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Project Veritas: Changing the Law on Recording Conversations

The Federal 9th Circuit Court of Appeals recently handed down a new first amendment decision[1] about recording other people without their knowledge which radically impacts what people in Oregon (as well as California, Washington, and Alaska) can record without informing anyone ahead of time. This case is known as the Project Veritas case (the Plaintiff in the case).

The Law

In Oregon, it was previously ok to record a phone call, so long as one person on the call knew it was being recorded. However, in person, it was ok to record a conversation only if all people participating in the conversation knew that the conversation was being recorded.

The Court held:

Reading section 165.540(1)(c) as a whole, we conclude that it is a content-based speech restriction that cannot survive strict scrutiny because Oregon has not asserted a compelling government interest and because the statute is not narrowly tailored. The statute is also not a valid time, place, or manner restriction because it does not leave open ample alternative channels for communication. Applying Oregon law, we may not sever the exceptions because severing them would not render section 165.540(1)(c) constitutional. Accordingly, we conclude that the statute is facially unconstitutional. REVERSED and REMANDED

What does that mean?

For those of you who want the holding in plain English:

First the Court relies on previous cases which held that recording a conversation was speech. While this might seem like a stretch, the Court of Appeals, relying on prior cases, used this principle as the basis for its holding, so that is already established law.

The Court then determined that the statute was “content based,” meaning that some content could be recorded and other content could not. This type of restriction is not permitted because if some speech is allowed, all speech must be allowed. Since the statute provided that some recordings required consent and other recordings did not, it was unconstitutional regulation of speech.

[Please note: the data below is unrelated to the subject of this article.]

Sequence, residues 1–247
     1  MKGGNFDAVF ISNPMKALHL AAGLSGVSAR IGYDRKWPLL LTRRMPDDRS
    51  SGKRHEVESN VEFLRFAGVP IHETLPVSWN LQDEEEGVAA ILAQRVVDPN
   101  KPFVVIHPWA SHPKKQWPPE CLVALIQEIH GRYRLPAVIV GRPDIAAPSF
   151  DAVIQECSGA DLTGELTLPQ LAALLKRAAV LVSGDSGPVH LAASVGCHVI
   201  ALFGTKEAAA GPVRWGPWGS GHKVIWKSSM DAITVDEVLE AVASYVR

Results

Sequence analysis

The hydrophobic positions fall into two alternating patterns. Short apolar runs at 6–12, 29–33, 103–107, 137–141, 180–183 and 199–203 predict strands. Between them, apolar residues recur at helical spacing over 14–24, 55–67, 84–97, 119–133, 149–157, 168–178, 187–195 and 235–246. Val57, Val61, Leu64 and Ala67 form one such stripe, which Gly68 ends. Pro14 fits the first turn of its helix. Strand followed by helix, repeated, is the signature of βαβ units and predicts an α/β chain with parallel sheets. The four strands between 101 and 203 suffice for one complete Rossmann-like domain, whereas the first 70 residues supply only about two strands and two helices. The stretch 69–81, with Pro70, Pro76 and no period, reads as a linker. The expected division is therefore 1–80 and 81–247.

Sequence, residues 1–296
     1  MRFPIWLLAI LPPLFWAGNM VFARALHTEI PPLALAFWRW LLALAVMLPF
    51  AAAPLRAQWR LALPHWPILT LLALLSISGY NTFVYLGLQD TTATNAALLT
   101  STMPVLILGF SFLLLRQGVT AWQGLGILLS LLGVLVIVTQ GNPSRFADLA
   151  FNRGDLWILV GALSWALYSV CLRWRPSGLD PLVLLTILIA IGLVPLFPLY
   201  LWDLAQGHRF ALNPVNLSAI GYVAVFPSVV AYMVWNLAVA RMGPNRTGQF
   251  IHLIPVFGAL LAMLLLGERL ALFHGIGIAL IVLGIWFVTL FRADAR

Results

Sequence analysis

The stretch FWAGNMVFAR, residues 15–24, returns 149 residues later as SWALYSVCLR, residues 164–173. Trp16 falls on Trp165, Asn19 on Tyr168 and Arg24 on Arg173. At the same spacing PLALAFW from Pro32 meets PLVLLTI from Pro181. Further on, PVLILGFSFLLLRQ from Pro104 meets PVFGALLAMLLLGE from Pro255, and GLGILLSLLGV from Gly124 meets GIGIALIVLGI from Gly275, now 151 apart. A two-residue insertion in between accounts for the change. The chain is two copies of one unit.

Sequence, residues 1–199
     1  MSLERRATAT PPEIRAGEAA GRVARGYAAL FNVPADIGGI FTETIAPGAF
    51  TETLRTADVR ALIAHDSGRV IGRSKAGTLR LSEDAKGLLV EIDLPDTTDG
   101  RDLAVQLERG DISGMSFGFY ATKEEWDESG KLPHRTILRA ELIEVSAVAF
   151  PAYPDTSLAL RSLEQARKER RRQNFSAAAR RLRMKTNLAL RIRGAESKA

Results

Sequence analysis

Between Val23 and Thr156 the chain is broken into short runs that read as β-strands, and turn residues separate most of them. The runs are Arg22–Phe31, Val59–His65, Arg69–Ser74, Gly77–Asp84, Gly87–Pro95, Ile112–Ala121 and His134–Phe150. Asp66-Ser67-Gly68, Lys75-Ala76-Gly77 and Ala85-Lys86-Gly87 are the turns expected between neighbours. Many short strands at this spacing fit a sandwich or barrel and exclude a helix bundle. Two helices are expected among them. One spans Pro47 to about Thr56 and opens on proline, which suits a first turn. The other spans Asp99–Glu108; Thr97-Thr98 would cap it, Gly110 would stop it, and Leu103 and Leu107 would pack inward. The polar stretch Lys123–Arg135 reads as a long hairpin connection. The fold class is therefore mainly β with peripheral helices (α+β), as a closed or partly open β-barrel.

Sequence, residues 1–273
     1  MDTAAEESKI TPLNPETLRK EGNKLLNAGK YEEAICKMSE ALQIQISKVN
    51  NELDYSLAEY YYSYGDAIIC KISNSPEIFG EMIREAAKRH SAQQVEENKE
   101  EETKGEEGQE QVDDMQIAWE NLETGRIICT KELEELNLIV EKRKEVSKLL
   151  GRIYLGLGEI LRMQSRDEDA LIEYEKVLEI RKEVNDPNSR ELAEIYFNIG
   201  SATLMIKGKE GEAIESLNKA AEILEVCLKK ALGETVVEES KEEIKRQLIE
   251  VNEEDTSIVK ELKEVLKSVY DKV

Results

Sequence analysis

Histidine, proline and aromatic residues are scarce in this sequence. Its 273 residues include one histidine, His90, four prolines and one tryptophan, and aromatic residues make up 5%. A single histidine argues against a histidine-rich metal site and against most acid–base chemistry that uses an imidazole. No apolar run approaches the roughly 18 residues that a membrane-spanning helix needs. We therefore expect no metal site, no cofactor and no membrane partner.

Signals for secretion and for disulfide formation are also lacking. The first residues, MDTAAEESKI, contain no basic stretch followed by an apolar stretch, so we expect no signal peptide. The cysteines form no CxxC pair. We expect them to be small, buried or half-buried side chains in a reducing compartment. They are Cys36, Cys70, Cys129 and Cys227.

Why do we care?

Suppose your ex-husband said something awful which you surreptitiously recorded. Prior to this decision, you could be guilty of a crime depending on where and how the recording was made. After this decision, you cannot be charged with a crime and the recording will be admitted as evidence even if it didn’t fit one of the exceptions previously. This is a dramatic—and somewhat unexpected—shift in the law.

[1] UNITED STATES COURT OF APPEALS FOR THE NINTH CIRCUIT PROJECT VERITAS; PROJECT VERITAS ACTION FUND, Plaintiffs-Appellants, v. MICHAEL SCHMIDT, in his official capacity as Multnomah County District Attorney; ELLEN ROSENBLUM, in her official capacity as Oregon Attorney General, Defendants-Appellees. No.22-35271 D.C. No. 3:20-cv01435-MO OPINION Appeal from the United States District Court for the District of Oregon Michael W. Mosman, District Judge, Presiding Argued and Submitted December 7, 2022 Pasadena, California Filed July 3, 2023 Before: Carlos T. Bea, Sandra S. Ikuta, and Morgan Christen, Circuit Judges.

Photo by Onur Binay on Unsplash

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